7 III. IMPARTIALITY AND INDEPENDENCE 11. The evaluation process should be impartial and independent in its function from the process concerned with the policy making, the delivery and the management of development assistance. 12. Impartiality contributes to the credibility of evaluation and the avoidance of bias in findings, analyses and conclusions. Independence provides legitimacy to evaluation and reduces the potential for conflict of interest which could arise if policy makers and managers were solely responsible for evaluating their own activities. 13. The requirement for impartiality and independence exists at all stages of the evaluation process, including the planning of the evaluation programme, the formulation of the terms of reference and the selection and approval of evaluation teams. Independence of evaluation can be further enhanced where reports are issued in the name of authors. Institutional Structure for Managing Evaluation 14. The institutional structure for managing evaluation is crucial to ensuring an effective evaluation process. The organisational aspects must address three requirements: developing a policy and a set of guidelines for evaluation; ensuring impartiality and independence; linking evaluation findings to future activities. 15. Often, certain types of organisation will tend to strengthen one of the above requirements at the expense of others; e.g., ensuring the independence of the process may weaken the potential for providing a strong linkage between the evaluation findings and decision-making. An optimal solution should be sought to balance all of these requirements. 16. Impartiality and independence will best be achieved by separating the evaluation function from the line management responsible for planning and managing development assistance. This could be accomplished by having a central unit responsible for evaluation reporting directly to the minister or the agency head responsible for development assistance, or to a board of directors or governors of the institution. To the extent that some evaluation functions are attached to line management they should report to a central unit or to a sufficiently high level of the management structure or to a management committee responsible for programme decisions. In this case, every effort should be made to avoid compromising the evaluation process and its results. Whatever approach is chosen, the organisational arrangements and procedures should facilitate the linking of evaluation findings to programming and policy making. 17. Aid agencies need a policy on evaluation which should address the above issues as well as the openness of the evaluation process, including the dissemination of results. OECD DAC PRINCIPLES FOR THE EVALUATION OF DEVLEOPMENT ASSISTANCE OECD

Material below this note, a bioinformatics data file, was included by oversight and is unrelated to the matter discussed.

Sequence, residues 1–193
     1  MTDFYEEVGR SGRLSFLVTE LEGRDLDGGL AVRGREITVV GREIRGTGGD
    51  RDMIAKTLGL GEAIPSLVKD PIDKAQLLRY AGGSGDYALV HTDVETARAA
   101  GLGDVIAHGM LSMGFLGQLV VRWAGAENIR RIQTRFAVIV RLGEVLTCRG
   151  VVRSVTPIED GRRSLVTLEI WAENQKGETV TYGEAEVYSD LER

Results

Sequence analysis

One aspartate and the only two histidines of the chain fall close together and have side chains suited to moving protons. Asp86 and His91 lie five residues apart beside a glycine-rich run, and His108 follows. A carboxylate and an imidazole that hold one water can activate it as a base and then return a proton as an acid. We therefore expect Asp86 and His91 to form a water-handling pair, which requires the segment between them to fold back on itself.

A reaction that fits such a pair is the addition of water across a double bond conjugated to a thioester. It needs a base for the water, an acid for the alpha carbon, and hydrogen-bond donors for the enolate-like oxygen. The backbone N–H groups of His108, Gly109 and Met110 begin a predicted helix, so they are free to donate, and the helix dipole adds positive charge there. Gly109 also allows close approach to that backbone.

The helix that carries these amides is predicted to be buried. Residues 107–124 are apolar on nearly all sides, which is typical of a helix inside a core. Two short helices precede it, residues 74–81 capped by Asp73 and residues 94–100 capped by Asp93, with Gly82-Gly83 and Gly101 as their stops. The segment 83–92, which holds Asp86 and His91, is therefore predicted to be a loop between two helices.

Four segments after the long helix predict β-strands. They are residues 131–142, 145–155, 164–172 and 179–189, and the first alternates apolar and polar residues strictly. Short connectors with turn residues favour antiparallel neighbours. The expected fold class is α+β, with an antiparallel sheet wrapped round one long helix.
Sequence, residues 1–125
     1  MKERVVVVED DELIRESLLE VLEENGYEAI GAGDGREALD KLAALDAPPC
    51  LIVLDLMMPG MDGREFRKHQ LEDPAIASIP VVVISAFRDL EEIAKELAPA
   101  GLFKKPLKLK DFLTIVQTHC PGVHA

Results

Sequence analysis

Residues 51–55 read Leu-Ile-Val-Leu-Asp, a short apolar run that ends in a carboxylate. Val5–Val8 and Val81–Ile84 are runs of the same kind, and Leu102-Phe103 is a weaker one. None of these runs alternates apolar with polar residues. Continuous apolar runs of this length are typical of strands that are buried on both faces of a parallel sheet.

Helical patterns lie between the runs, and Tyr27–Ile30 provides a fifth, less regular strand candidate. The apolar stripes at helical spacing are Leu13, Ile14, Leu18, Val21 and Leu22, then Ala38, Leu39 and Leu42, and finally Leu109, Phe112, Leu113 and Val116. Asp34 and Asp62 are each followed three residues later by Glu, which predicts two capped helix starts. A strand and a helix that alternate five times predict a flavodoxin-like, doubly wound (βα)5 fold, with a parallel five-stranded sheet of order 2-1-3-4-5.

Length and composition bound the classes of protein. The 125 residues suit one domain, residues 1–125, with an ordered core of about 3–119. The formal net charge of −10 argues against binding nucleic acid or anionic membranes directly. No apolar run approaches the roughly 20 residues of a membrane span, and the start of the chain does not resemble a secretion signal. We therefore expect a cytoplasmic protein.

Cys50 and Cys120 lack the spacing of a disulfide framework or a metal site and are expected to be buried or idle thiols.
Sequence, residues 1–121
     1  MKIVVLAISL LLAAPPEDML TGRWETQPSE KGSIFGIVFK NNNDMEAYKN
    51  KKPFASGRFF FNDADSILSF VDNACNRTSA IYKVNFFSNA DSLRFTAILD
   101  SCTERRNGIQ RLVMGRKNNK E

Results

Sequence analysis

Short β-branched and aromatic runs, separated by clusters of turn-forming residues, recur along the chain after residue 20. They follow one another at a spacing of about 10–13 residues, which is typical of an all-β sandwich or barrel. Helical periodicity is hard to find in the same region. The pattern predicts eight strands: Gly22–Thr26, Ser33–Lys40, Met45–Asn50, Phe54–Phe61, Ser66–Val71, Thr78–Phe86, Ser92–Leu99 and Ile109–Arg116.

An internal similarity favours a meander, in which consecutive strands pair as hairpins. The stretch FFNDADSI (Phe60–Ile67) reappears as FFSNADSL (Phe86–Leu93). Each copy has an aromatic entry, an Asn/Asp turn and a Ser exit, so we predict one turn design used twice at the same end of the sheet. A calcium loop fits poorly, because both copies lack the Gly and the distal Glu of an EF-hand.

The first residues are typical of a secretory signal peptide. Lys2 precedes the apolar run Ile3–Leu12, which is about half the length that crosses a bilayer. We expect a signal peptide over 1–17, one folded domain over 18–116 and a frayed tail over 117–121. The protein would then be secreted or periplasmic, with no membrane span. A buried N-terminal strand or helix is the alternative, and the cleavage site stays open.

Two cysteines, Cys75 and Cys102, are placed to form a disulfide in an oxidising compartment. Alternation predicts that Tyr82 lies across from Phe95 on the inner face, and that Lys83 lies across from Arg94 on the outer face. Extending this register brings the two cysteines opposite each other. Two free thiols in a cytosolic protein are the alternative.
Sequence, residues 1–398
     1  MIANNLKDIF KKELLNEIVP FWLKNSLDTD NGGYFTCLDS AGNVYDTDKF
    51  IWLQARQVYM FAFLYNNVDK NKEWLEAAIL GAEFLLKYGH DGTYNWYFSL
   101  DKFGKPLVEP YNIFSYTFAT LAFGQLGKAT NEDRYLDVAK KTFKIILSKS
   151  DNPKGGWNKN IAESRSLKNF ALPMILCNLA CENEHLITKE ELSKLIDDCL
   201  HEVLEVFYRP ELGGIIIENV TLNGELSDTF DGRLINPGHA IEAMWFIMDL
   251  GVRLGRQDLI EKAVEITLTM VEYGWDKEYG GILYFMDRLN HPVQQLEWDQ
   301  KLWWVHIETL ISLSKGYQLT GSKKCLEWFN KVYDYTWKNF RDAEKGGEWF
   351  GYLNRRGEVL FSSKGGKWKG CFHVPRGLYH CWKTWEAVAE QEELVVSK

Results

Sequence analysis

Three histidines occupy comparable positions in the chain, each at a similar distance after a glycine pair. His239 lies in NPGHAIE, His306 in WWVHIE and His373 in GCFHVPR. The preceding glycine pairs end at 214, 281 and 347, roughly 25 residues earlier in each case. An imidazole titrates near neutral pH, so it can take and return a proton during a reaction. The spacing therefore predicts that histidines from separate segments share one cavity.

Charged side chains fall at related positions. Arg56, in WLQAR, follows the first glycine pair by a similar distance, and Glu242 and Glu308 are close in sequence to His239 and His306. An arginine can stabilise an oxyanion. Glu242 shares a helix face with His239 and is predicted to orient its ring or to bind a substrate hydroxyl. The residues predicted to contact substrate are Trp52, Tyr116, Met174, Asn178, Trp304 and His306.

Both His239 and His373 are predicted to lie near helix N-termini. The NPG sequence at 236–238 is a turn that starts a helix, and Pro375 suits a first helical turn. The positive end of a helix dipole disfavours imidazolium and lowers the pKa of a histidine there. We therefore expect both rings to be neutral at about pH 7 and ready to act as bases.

8 IV. CREDIBILITY 18. The credibility of evaluation depends on the expertise and independence of the evaluators and the degree of transparency of the evaluation process. Credibility requires that evaluation should report successes as well as failures. Recipient countries should, as a rule, fully participate in evaluation in order to promote credibility and commitment. 19. Aid agencies need a critical mass of professional evaluation staff in order to have sufficient expertise in their various fields of activity and to ensure credibility of the process. 20. Transparency of the evaluation process is crucial to its credibility and legitimacy. To ensure transparency: The evaluation process as a whole should be as open as possible with results made widely available. Evaluation reports must distinguish between findings and recommendations. Relevant information to support findings should be included in a way that does not compromise sources. V. USEFULNESS 21. To have an impact on decision-making, evaluation findings must be perceived as relevant and useful and be presented in a clear and concise way. They should fully reflect the different interests and needs of the many parties involved in development co-operation. Easy accessibility is also crucial for usefulness. The evaluation process itself promotes a further clarification of objectives, improves communication, increases learning, and lays the groundwork for follow-up action. 22. Evaluations must be timely in the sense that they should be available at a time which is appropriate for the decision-making process. This suggests that evaluation has an important role to play at various stages during the execution of a project or programme and should not be conducted only as an ex post exercise. Monitoring of activities in progress is the responsibility of operational staff. Provisions for evaluation by independent evaluation staffs in the plan of operation constitute an important complement to regular monitoring. VI. PARTICIPATION OF DONORS AND RECIPIENTS 23. Consistent with the partnership principle stressed above, whenever possible, both donors and recipients should be involved in the evaluation process. Since evaluation findings are relevant to both 7 OECD DAC PRINCIPLES FOR THE EVALUATION OF DEVLEOPMENT ASSISTANCE OECD 1991